While they may agree about the facts of Jesus' life, the authors of the four gospels have different interests and perspectives.
Matthew has a particular interest in Jewish concerns, Luke has a particular interest in Gentile concerns, etc.
But sometimes the differences between them come out in more personal ways.
Tuesday's gospel reading contains a particularly striking illustration of that.
Mark on Doctors
Tuesday's Gospel reading contains the passage from Mark 5 dealing with the woman with the flow of blood. You know, the one who is healed by sneaking up and touching Jesus' clothing.
In Mark's account of the event, we read:
And there was a woman who had had a flow of blood for twelve years, and who had suffered much under many physicians, and had spent all that she had, and was no better but rather grew worse [Mark 5:25-26].
Physicians had caused this woman a lot of suffering, they took all her money, and she got worse rather than better.
Not a positive commentary on the medical profession.
The comment would have resonated with many people in Mark's day, for the state of the medical profession was primitive.
Doctors might be well meaning, but they had nothing like the tools we do today.
Even just a few centuries ago, one physician (my memory fails me on precisely who) made the ironic statement that medicine amounts to making the patient comfortable while nature takes its course.
And even today there are many situations that are not treatable or not easily treatable. We're only at the dawn of effective medicine (that is, if we don't ruin the future course of medicine by making the development of new cures uneconomical).
A Matter of Perspective
While it wouldn't be surprising for many patients in Mark's day to share his outlook on doctors, there is one group that you could count on to have a significantly different perspective.
That would be the doctors themselves.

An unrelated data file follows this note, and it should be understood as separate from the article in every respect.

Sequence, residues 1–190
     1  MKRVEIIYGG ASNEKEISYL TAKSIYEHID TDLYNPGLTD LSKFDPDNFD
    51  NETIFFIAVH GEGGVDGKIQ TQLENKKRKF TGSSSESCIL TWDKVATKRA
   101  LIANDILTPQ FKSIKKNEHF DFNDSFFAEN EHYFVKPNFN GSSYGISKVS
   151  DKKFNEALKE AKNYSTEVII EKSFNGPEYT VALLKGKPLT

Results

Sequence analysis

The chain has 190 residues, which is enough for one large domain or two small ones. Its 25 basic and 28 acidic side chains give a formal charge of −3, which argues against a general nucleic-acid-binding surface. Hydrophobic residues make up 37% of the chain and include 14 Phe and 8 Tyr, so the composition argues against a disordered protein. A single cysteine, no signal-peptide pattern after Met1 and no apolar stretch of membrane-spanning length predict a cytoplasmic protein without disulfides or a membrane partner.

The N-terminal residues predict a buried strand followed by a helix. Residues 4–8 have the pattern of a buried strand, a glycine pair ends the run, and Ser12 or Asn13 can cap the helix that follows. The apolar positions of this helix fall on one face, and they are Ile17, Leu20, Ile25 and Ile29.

Nobody wants to think of their profession as a bunch of inept people who cause people to suffer, take their money, and make them worse.
A first century doctor would, undoubtedly, view his own efforts as doing the best he could, given the tools available, to cure people's suffering and enable them to live happy, healthy lives.
So what does the New Testament's own resident doctor think about the case of the woman with the flow of blood?
Luke on Doctors
St. Luke is described by St. Paul as the "beloved physician" (Colossians 4:14), and it's no surprise that his Gospel describes the case of the woman differently than Mark's does.
Here's what Luke says:
And a woman who had had a flow of blood for twelve years and had spent all her living upon physicians and could not be healed by any one, came up behind him, and touched the fringe of his garment; and immediately her flow of blood ceased [Luke 8:43-44].
She "could not be healed by anyone."
The doctors aren't said to cause her much suffering, and they're not said to have made her worse. They just couldn't heal her.
It's a much softer statement.
Many Bible scholars of today are of the opinion that Mark wrote his Gospel before Luke did, and that Luke used Mark's Gospel.
Even the traditional order of the Gospels, as reflected in a typical New Testament, has Mark writing before Luke.
A few scholars have suggested that Mark wrote after Luke, but the majority of both historic and modern scholars think Mark wrote first.
If so, and if Luke was using Mark as one of his sources, then Luke saw Mark's harsh-sounding comment and deliberately altered it.
You can understand why. It would be the natural thing for a doctor to do.
Vive la Différence
It's this kind of thing--the fact that the Gospel authors have different perspectives--that is the reason we have four gospels in the first place.
They all tell the story of Jesus, but they bring out different aspects of it, based on the interests and perspectives of the human authors that the Holy Spirit chose and used to compose the gospels.
Neither Mark's harsh-sounding statement nor Luke's softer-sounding statement about doctors is uniquely right. They both speak from legitimate viewpoints about a complex, multi-sided phenomenon.
It's like the case of the blind men feeling different parts of an elephant. Each is saying something true, and only by taking all of their perspectives into account can a full picture be developed.
While the attitudes toward doctors revealed in these passages is a minor matter that is not essential to the message of Christ, the same holds true of the four gospels on a larger level.
They all contribute valuable information about Jesus, from different perspectives, and our knowledge of Our Lord would be diminished if even one of them were missing.
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